'Practical World' True News Magazine by American Road Radio

'Practical World' True News Magazine by American Road Radio
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Sunday Magazine :Medieval potion kills modern-day superbugs

Medieval potion kills modern-day superbugs.

A medieval recipe found in a 1,000-year-old book can kill antibiotic-resistant superbugs that are hard to treat with modern medicine.
A recipe for the potion, originally an eye salve, was found in Bald's Leechbok, a 10th-century book of Anglo-Saxon medical advice and recipes for medicines, salves and treatments found in the British Library.
The recipe contains:
  • Garlic.
  • Onion or leek.
  • Wine.
  • Oxgall, bile from a cow's stomach.
When tested in mice on wounds infected with methicillin-resistantStaphylococcus aureus (MRSA), it performed at least as well as conventional antibiotics, reported scientists at the Annual Conference of the Society for General Microbiology this week in the United Kingdom.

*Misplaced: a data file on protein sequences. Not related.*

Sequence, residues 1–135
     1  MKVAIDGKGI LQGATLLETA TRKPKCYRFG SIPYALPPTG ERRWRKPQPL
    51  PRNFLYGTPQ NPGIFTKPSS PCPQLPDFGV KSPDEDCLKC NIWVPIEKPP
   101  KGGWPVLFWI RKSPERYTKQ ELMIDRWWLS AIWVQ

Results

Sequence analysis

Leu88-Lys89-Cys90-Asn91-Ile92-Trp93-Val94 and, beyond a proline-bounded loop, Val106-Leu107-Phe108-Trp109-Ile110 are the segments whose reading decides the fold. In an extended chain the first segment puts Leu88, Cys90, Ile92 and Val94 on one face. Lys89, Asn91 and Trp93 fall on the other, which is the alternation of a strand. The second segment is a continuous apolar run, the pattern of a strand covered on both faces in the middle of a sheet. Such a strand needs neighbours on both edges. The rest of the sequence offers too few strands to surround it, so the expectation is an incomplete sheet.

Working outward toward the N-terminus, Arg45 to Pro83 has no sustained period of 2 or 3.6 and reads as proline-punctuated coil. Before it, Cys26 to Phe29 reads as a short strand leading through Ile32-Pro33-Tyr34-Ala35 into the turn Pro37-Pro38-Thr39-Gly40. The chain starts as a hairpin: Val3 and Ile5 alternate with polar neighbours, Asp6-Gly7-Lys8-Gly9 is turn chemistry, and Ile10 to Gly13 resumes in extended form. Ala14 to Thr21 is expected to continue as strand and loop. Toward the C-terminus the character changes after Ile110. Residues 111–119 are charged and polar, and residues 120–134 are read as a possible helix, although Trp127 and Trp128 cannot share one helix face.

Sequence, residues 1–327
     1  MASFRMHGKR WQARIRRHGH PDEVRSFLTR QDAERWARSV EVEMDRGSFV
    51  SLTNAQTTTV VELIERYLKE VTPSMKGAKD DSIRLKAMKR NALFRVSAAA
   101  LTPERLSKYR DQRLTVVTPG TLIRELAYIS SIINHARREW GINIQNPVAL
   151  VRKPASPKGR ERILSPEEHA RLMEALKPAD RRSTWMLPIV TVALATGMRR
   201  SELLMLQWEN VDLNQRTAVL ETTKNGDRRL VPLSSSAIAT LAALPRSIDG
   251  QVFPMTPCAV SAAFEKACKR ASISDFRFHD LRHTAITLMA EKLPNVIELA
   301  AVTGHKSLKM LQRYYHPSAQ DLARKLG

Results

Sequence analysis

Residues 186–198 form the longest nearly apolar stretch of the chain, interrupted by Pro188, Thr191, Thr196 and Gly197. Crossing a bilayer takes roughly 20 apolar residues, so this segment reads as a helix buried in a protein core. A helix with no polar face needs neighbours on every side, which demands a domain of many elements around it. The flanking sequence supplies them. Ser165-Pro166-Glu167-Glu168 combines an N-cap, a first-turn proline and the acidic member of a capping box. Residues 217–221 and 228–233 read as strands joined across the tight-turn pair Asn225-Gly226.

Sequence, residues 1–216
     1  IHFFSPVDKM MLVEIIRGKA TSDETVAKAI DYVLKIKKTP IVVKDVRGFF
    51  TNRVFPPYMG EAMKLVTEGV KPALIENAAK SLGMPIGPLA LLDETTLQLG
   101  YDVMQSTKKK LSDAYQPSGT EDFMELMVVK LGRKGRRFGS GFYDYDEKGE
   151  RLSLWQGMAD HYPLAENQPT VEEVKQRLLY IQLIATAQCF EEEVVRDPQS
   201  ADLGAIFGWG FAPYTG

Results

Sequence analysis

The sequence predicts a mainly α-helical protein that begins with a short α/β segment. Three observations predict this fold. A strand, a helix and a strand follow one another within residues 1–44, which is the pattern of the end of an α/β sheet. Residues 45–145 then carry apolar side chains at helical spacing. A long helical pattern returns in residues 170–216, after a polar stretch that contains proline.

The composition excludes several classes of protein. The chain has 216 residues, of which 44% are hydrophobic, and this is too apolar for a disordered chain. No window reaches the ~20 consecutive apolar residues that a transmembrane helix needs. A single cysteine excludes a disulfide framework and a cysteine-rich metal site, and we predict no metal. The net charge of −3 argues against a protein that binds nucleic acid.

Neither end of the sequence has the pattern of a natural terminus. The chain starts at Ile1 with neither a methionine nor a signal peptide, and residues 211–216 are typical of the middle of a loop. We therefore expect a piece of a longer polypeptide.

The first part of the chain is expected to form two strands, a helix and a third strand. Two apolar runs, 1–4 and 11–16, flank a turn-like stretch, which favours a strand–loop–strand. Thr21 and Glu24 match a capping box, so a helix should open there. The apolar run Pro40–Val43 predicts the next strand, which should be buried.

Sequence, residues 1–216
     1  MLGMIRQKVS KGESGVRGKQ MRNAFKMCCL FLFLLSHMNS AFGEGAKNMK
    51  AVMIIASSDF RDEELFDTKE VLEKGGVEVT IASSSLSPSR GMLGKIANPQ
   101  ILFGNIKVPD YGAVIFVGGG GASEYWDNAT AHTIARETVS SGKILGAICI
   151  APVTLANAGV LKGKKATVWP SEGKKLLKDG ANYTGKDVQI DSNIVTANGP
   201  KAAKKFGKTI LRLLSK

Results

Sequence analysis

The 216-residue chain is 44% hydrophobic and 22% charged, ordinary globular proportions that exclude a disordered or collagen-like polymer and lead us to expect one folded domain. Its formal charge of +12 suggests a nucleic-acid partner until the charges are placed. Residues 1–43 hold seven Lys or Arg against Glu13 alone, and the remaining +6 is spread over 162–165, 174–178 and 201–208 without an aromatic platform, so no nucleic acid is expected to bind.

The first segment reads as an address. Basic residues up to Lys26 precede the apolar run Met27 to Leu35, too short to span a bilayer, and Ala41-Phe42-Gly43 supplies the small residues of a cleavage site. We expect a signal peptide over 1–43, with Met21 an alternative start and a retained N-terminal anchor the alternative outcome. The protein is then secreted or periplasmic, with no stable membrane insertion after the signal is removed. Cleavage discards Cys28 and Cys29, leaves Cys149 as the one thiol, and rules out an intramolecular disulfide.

"We were absolutely blown away by just how effective the combination of ingredients was," Freya Harrison, the University of Nottingham microbiologist who led the study, said in a statement.
The idea of testing the remedy came from historian Christina Lee, who knows Harrison through a book club at the university at which members read at old Anglo-Saxon textbooks together, said Steve Diggle. Diggle, an associate professor of microbiology, runs the lab where Harrison does her postdoctoral research.
The remedy proved effective at killing bacteria in a test tube, so the researchers decided to try it on MRSA biofilms –  tightly packed, sticky coatings of bacteria found all over surfaces in places like hospitals.
"The problem with biofilms is they're very, very resistant to antibiotics,"
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